09/26/2016

My Top Five Hand Lettering Tools

My Top Five Lettering Tools | Native State Design Co.

1. Pentel brush pen

Easy to pull out and use quickly, clean, mobile, inexpensive. I always use black because I usually re-color my lettering on the computer. Get the exact one I use here. Or stop into your local art supply shop and ask if they have some.

2. Designer-quality gouache

I use Windsor & Newton brand and prefer it to other brand’s I’ve used. The color is rich and vibrant and one tube goes a long way. You can usually find these in your local art store, or you can buy them here.

3. Strathmore Sketchbook + Canson Marker paper

Strathmore – The pages aren’t technically for wet use, but it’s thick enough that a light application of watercolor doesn’t cause the paper to buckle. I also like how smooth the paper is because I’m able to get cleaner lines with my brush. It also doesn’t bleed. You can grab the exact one I use here.

Canson Marker Paper – I use this for tracing and calligraphy. The paper is super smooth and easy to work on. It’s also bright white—favorable for scanning. Here’s the one I have.

You may be surprised that I don’t have watercolor paper listed here. I almost never letter on watercolor paper. Number one it’s expensive to blow through on lettering practice. Number two the texture causes my brush to drag in a way I find frustrating. Number three I save the nice paper for paintings where I’ll be really loading the water on. With lettering there ends up being so little moisture compared to the amount watercolor paper is made for that it really isn’t necessary to spring for the 140 lb cold pressed paper. Also, I letter almost exclusively for digital purposes so my Strathmore sketchbook works just fine.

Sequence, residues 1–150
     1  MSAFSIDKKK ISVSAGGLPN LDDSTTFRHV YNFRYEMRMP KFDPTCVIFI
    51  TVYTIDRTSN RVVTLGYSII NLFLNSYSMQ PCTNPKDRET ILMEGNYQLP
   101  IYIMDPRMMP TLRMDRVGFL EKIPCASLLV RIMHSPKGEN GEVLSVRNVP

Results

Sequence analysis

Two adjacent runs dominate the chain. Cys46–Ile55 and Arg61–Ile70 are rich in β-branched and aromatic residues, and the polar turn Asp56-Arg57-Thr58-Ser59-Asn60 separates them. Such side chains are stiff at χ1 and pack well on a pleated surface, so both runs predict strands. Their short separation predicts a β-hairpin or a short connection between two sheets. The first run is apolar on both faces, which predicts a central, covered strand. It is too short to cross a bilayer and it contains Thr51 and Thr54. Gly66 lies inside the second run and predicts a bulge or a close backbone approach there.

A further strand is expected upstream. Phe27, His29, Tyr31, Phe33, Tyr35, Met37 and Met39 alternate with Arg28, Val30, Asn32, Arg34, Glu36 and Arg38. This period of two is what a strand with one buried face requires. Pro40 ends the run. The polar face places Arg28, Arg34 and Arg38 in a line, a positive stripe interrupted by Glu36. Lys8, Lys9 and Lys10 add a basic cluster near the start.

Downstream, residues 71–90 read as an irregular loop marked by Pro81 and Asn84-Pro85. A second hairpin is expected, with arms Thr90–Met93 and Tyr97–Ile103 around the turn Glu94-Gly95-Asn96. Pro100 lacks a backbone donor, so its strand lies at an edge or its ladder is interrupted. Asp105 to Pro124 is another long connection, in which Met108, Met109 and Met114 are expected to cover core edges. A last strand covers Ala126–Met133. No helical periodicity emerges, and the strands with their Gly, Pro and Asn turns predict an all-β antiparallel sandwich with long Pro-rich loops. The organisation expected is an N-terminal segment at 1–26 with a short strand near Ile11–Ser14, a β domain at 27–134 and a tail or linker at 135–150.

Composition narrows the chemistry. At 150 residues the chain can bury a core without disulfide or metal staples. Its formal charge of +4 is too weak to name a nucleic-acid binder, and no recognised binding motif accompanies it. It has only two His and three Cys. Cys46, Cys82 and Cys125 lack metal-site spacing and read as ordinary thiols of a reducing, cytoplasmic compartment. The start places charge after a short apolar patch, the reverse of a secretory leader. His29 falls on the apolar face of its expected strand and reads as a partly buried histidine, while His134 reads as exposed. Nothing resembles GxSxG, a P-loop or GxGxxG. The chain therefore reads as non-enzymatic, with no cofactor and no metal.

4. Large Watercolor Brush

I like working larger with brush lettering. This size brush is easy to handle and loads up really well with paint. I like having something a bit more substantial to grasp while I paint. Grab an inexpensive set at your local art store and play around with them to find out which one feels comfortable to you. A set like this would be a great place to start.

5. Plastic paint palette

I love this thing because it’s cheap and makes me nostalgic about those elementary school art classes where we loaded these things up with primary colored tempera paint. It’s a classic tool for a reason! If it ain’t broke…keep using it? You can grab one here or at any local art store.

So, do you have any preferred tools I didn’t mention? Questions about anything? Ask away!

My Top Five Hand Lettering Tools

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